This paper seeks to discuss the US “maximum pressure campaign” on Iran in order to understand Trump administration’s ultimate objectives in Iran. The paper attempts to find patterns in the pressure campaigns and hostile representations of Iraq, used by the Bush administration to overstate the ‘Iraqi threat’ and justify military intervention towards regime change. The paper further discusses how the threat of a military conflict with Iran has amplified because of Trump’s inconsistent positions on Iran and the hard-stance, adopted by his senior advisors, against the Iranian regime.
The United States (US) administration’s ‘maximum pressure campaign’ has put Tehran and Washington on the course of a potential military conflict once again, evoking fears from both within and outside the US of an Iraq war do-over, with Washington embarking on another ‘war of choice’ in the region.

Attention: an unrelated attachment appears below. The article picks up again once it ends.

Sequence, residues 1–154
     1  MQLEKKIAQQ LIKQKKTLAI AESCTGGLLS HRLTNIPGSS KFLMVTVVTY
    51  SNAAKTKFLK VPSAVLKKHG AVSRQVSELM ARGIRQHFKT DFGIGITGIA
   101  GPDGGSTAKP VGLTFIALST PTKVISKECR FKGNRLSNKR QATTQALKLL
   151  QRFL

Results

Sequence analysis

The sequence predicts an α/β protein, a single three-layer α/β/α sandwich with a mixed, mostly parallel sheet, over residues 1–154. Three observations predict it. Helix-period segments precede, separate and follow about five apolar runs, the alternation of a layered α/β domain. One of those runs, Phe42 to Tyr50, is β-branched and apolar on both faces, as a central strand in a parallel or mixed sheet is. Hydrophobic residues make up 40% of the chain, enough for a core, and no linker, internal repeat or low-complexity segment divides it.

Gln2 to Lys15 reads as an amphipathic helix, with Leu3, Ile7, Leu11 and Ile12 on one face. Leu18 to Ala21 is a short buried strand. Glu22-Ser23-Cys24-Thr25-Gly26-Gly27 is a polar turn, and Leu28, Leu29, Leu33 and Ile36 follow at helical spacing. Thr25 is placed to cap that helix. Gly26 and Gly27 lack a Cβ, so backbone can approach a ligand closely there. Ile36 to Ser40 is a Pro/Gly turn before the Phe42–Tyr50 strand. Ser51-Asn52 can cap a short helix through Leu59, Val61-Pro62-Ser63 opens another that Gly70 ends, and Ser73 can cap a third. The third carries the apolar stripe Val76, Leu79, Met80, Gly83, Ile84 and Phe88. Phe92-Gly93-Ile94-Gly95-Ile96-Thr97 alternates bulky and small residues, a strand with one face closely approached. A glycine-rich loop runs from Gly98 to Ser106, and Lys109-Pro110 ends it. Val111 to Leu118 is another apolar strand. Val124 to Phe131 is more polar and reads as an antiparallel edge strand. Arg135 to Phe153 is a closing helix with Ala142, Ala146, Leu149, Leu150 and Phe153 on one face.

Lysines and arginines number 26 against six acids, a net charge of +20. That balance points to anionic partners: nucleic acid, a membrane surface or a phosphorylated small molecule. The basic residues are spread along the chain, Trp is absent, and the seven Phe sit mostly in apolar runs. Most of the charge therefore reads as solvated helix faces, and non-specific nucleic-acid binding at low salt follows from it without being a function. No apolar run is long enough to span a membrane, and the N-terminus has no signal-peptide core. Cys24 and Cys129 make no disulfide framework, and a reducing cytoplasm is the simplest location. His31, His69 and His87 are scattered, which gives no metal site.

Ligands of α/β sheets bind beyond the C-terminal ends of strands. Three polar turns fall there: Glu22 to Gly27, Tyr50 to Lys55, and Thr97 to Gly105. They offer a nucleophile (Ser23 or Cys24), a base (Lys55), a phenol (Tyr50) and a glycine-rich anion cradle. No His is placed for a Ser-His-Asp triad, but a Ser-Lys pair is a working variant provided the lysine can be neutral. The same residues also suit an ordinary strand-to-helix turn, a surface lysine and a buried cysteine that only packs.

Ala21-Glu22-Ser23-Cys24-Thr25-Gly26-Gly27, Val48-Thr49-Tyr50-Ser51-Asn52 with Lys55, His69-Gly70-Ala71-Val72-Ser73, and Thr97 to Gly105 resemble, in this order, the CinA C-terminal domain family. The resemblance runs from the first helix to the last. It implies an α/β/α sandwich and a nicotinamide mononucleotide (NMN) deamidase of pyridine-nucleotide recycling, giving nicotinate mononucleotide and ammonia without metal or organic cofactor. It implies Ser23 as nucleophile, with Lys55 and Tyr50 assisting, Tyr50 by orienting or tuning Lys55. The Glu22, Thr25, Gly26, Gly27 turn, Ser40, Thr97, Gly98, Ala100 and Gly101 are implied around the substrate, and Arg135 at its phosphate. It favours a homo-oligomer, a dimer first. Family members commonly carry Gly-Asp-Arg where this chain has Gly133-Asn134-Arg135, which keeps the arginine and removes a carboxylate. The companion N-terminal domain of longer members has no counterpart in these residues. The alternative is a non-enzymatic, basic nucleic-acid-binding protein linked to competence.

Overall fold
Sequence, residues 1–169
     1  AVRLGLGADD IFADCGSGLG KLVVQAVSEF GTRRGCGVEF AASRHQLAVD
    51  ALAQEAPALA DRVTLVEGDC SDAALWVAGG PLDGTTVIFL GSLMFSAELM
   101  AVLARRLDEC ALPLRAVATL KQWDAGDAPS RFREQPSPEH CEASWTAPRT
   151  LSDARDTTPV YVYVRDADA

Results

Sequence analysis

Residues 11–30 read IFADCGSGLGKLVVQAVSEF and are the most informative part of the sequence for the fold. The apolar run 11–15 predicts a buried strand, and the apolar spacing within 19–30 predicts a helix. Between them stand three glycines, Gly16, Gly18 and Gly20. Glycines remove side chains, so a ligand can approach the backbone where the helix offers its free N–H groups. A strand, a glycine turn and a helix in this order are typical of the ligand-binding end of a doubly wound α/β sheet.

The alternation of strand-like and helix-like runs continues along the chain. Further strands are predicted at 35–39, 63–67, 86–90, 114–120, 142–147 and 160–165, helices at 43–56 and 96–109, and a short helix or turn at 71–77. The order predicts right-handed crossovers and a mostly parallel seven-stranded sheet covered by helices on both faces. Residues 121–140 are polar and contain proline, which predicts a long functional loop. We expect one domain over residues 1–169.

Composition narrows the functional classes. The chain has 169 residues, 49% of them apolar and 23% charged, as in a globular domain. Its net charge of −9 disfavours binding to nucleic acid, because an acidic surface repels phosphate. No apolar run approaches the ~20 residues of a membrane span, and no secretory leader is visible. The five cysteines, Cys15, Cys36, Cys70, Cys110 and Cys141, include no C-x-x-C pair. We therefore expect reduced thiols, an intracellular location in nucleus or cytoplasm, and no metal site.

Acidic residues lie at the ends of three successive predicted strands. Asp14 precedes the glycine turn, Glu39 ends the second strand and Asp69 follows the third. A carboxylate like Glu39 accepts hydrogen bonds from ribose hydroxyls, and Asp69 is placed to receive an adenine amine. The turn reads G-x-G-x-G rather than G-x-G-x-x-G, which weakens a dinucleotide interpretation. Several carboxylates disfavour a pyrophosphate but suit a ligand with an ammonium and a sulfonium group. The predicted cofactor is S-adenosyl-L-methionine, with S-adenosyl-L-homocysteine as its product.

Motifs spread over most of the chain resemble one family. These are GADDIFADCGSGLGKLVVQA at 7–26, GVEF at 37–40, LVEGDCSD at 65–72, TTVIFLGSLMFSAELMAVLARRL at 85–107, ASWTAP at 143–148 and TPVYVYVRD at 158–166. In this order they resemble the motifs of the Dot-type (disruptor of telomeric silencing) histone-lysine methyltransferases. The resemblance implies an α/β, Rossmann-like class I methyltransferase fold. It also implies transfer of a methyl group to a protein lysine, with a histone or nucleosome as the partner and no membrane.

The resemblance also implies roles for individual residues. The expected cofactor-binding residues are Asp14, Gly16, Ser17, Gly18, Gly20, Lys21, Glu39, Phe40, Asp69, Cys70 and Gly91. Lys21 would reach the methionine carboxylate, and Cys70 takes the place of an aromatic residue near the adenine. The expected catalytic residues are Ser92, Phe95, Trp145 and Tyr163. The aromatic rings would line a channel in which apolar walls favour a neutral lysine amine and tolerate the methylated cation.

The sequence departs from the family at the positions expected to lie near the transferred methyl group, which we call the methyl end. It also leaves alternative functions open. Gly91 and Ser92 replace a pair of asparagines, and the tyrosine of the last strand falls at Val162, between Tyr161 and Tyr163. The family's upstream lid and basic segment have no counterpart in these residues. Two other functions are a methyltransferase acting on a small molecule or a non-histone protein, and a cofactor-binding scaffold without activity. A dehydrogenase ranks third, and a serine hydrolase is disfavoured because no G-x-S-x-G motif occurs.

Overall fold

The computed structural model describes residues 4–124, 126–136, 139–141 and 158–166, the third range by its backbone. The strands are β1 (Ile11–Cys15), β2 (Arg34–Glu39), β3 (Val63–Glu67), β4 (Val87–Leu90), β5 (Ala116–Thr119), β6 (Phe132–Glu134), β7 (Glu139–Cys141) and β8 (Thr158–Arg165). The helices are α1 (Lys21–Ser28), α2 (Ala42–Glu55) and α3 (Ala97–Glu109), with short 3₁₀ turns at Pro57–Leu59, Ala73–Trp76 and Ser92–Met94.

The ‘maximum pressure campaign’ officially began in April 2019 with the elimination of the Significant Reduction Exemptions (SRE) that was granted to eight largest importers of Iranian oil, including India. This was done in order to drive Iranian oil exports to zero, the revenues from which, Washington claimed, were being used by Iran to fund terrorist activities in the region. The pressure was further solidified with Washington’s decision to label Iran Revolutionary Guard Corps (IRGC) as a Foreign Terrorist Organisation (FTO), making it difficult to conduct business with Iranian entities having any association with the IRGC. The deployment of the aircraft carrier USS Abraham Lincoln along with B-52 bombers in the Gulf in May 2019 raised the threat of an imminent military conflict between Iran and the US. This military build-up was categorised by Iran as US “psychological warfare” meant to intimidate Tehran to give in to the American pressure.1